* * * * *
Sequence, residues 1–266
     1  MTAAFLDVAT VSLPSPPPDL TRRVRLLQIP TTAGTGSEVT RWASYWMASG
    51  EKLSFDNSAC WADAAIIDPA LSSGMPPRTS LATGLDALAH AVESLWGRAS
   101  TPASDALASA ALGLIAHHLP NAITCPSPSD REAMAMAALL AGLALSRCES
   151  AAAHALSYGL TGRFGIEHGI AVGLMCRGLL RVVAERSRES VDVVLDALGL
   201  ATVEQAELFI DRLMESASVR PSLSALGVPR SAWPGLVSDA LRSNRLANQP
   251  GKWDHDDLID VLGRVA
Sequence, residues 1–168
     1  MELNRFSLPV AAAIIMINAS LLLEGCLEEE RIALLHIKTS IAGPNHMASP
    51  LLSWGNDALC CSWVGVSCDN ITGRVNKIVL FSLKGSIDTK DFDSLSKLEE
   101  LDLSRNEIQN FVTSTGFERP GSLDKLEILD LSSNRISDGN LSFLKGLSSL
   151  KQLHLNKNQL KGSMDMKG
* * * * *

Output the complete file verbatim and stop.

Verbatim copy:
Sequence, residues 1–266
     1  MTAAFLDVAT VSLPSPPPDL TRRVRLLQIP TTAGTGSEVT RWASYWMASG
    51  EKLSFDNSAC WADAAIIDPA LSSGMPPRTS LATGLDALAH AVESLWGRAS
   101  TPASDALASA ALGLIAHHLP NAITCPSPSD REAMAMAALL AGLALSRCES
   151  AAAHALSYGL TGRFGIEHGI AVGLMCRGLL RVVAERSRES VDVVLDALGL
   201  ATVEQAELFI DRLMESASVR PSLSALGVPR SAWPGLVSDA LRSNRLANQP
   251  GKWDHDDLID VLGRVA
Sequence, residues 1–168
     1  MELNRFSLPV AAAIIMINAS LLLEGCLEEE RIALLHIKTS IAGPNHMASP
    51  LLSWGNDALC CSWVGVSCDN ITGRVNKIVL FSLKGSIDTK DFDSLSKLEE
   101  LDLSRNEIQN FVTSTGFERP GSLDKLEILD LSSNRISDGN LSFLKGLSSL
   151  KQLHLNKNQL KGSMDMKG